An especial challenge was accommodating the fly tower—something uncommon in multipurpose venues, but essential for Lepage’s productions. The design team used the extra height to visually bridge between the nearby fortification walls and neighbouring Capitole Theatre and RBC Tower. They also covered the tower with stainless steel, a material selected through tests to see what would blend best with Quebec City’s sky.
The tight space also brought acoustic and programmatic challenges. A concrete shell surrounds the main stage and fly tower, with the lobby, foyers, and offices acting as a double skin, dampening the sounds from the busy streets outside. In the office spaces, stepped nooks are used to elegantly resolve differences in floor levels resulting from the adaptive reuse. These nooks offer quieter, secluded views towards the western half of Place d’Youville. The sculptural main stair, along with a strategic use of mirrors and transparent elements, helps create a dynamic environment despite the spatial constraints. A glass wall between the lobby and a restaurant on the ground floor of the former YMCA (independently managed and designed by another team) ensures a visual connection with the lively restaurant and Place d’Youville beyond. The washrooms are all-gender, a decision that derived both from the limited floor plate and a desire to make the venue more accessible.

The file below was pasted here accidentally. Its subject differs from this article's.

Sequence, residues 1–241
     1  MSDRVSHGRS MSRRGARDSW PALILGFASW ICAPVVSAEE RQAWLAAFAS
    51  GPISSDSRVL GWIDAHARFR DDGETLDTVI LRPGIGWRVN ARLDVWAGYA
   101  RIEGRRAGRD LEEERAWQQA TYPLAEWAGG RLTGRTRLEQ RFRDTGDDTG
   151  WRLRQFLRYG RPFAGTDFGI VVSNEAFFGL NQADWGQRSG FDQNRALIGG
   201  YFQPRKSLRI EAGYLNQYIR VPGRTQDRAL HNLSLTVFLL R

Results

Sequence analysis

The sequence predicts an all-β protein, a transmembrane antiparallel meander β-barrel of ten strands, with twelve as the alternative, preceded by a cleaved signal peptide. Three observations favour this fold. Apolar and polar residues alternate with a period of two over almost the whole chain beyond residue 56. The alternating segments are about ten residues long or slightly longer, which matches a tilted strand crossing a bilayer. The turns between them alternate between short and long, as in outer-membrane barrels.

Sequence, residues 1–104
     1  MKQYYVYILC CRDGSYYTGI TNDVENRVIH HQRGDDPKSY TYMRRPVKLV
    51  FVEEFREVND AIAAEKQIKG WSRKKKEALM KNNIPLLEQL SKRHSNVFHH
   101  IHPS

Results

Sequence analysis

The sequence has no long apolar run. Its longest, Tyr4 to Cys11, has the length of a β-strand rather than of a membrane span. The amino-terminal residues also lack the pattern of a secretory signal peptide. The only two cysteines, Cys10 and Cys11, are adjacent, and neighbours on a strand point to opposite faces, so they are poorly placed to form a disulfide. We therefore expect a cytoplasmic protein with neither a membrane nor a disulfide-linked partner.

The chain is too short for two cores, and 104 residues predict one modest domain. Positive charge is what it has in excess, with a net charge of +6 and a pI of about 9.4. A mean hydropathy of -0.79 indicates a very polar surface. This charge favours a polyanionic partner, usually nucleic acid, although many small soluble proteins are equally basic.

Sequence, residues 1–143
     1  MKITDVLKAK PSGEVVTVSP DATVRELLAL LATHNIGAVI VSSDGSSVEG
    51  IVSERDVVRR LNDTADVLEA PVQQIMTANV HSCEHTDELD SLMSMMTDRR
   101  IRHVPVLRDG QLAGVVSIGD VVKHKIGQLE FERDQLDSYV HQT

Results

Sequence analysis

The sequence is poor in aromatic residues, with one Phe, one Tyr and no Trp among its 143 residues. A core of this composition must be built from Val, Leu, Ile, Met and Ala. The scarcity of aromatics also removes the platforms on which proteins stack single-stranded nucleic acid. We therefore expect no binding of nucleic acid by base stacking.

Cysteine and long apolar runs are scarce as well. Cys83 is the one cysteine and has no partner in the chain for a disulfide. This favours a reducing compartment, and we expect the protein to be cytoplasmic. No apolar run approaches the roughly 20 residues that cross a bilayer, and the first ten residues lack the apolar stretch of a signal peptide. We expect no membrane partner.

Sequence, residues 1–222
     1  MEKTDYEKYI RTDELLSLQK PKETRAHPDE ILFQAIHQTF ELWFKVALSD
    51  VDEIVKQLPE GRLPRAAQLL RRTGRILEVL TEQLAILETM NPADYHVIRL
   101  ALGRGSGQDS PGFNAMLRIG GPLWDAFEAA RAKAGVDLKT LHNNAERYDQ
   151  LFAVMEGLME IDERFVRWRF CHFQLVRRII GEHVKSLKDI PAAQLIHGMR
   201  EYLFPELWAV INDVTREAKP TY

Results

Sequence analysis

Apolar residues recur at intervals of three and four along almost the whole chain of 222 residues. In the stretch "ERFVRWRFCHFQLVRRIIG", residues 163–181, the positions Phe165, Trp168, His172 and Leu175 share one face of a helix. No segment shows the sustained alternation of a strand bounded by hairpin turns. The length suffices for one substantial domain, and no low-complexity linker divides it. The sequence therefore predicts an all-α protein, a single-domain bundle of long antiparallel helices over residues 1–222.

Le Diamant’s most striking features come from the client’s and architects’ shared interest in the memory of place. Many elements are imagined as “ghosts” of past buildings—historical layers that hover over or under the contemporary building. At the entrance, artist Claudie Gagnon’s glass sculpture, titled Atome ou le fruit des étoiles, reimagines the much-loved Cinéma de Paris sign that had hung in that location since 1948. The client had initially wanted to restore the sign, but a 2007 fire had rendered it too delicate to retain. The ground floor lobby incorporates art deco lighting and other elements from the old theatre.
On the mostly opaque stage-side façade, fronting Des Glacis Steet, the architects photo-engraved concrete panels with a full-scale reproduction of drawings for an unbuilt YMCA addition. The images were taken from original drawings by Joseph Ferdinand Peachy, the architect of the main YMCA building, built in 1879. (An addition was completed in 1898, but not as Peachy had designed it. In 1947, it was demolished and replaced by the Cinéma de Paris and a restaurant.) The subtle photo-engraving process—playing with light and shadows to allude to the use of optical illusions in theatrical performances—is quite impactful at night, but is unfortunately too subtle at other times of the day.